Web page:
The main thing I’ve noticed was the huge growth in the number of visitors, especially from cruise ships. I know there has been a slight reduction in the number of cruise ships allowed at any one time, but the crowds seemed to be as thick as ever – before coronavirus, of course. It made it harder to enjoy the old town when it was so full of people, but it also made you want to explore other parts of the city and the region.
How is Croatia, and in particular Dubrovnik, viewed in the UK? Is it an exotic destination, an unknown destination or on the top of the travel list?
Perceptions vary quite a lot – to the extent where it’s hard to generalise. I have friends who visit Croatia often and know the country quite well, and others who have always wanted to visit but never quite got round to it.
Usually when I mention Croatia to people who haven’t visited, their first reaction is: “Oh, I’ve always wanted to go there. It looks so beautiful. What’s it like?” So there’s a huge amount of interest.
Meeting the Mayor of Dubrovnik and getting the Covid-19 lowdown - Photo Grad Dubrovnik
The Covid-19 pandemic has changed the face of travel. What more changes do you see coming in the future and can we expect some normalisation of travel in 2021?
I think people will still need to adapt their behaviour even more, and keep up with the wearing of masks and try to maintain social distance. That’s been hard for many young people to do, not just in Croatia but everywhere. We have to get used to the virus being around us all the time until a vaccine is developed. As far as 2021 is concerned, I’m not convinced we will have anything approaching normality. The travel industry has suffered such an enormous blow, and so many businesses have gone under, that it will take quite a while to recover from this.
As the UK has now taken Croatia off the safe corridor list how will this affect the number of Brits planning to come here on holidays. And how safe do you feel in Dubrovnik?
It’s a shame the UK has taken this decision, as it will affect numbers of UK visitors – particularly because airlines will be reducing their flights. I’ve felt much safer in Dubrovnik than in the UK. The number of Covid cases in my small region of Britain is about three times the number of cases in Dubrovnik-Neretva county.
Talking tourism with the director of the Dubrovnik Tourist Board
What are your top three tips/highlights for travellers to see or do in Dubrovnik?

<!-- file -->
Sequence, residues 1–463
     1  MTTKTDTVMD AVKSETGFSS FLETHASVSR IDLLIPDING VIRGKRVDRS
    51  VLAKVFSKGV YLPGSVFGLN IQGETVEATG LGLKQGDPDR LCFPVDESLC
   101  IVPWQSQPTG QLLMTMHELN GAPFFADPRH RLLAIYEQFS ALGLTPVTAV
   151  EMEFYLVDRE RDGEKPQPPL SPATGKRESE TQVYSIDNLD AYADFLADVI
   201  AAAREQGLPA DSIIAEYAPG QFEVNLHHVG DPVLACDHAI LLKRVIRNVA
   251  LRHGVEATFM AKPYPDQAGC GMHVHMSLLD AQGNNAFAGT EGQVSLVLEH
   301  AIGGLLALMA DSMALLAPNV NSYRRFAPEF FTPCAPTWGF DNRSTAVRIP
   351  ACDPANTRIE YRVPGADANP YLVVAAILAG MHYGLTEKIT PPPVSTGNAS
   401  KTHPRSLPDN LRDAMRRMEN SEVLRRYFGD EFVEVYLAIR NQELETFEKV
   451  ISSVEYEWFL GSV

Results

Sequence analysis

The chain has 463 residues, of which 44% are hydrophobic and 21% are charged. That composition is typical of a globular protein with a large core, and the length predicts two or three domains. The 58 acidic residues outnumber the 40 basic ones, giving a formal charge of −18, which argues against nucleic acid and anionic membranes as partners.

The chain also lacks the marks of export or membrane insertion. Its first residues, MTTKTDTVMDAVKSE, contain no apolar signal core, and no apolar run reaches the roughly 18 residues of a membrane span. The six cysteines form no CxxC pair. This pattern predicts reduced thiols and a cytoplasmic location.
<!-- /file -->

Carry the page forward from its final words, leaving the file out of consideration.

My top three echo the classic choices: a walk around the city walls, a ride on the cable car and a visit to Lokrum. I know it’s been economically devastating having so few tourists, but from a visitor’s point of view, it’s been wonderful to explore the city when the atmosphere has been so relaxed and there’s so much space.
You have been staying on the beautiful island of Mljet. What are your impressions of the island?
Mljet is enchanting. I’ve loved everything about it: exploring the national park and swimming in the lakes, finding little coves to swim in, eating some superb seafood, meeting warm and friendly people. It’s been utterly blissful.
There are currently about 310,000 tourists in Croatia, of which 240,000 are foreigners, and 106,000 came during the last weekend of August, the Croatian National Tourist Board stated on Monday. Kristjan Staničić, the director of the Croatian National Tourist Board assessed the results in August as extremely good given the circumstances.
"August is behind us, in which we have achieved exceptionally good results given the circumstances. Our further strategic and marketing activities will primarily depend on the epidemiological picture of Croatia and the surrounding countries, and uncertainty in this regard requires flexibility and readiness for rapid and continuous adaptation.
We are witnessing that some countries in the region have started to close, which we also take into account when defining activities in the off-season," Stanicic told Hina.
He presented eVistor data according to which slightly more than a million overnight stays were realized during the weekend from 28 to 30 August, of which 319,000 were realized by German tourists, followed by Poles 109,000 and Slovenes 83,000.
A total of 2.6 million tourists came to Croatia in August, more precisely until August 30, with 20.7 million overnight stays, which is 64 percent of last year's result in the same period.
The German market maintained its leading position with 5.2 million overnight stays, followed by domestic tourists with almost four million overnight stays. Slovenia is third with 2.7 million overnight stays of their tourists in Croatia in August, while Poland and the Czech Republic are fourth and fifth with 2.2 and 1.3 million overnight stays, respectively.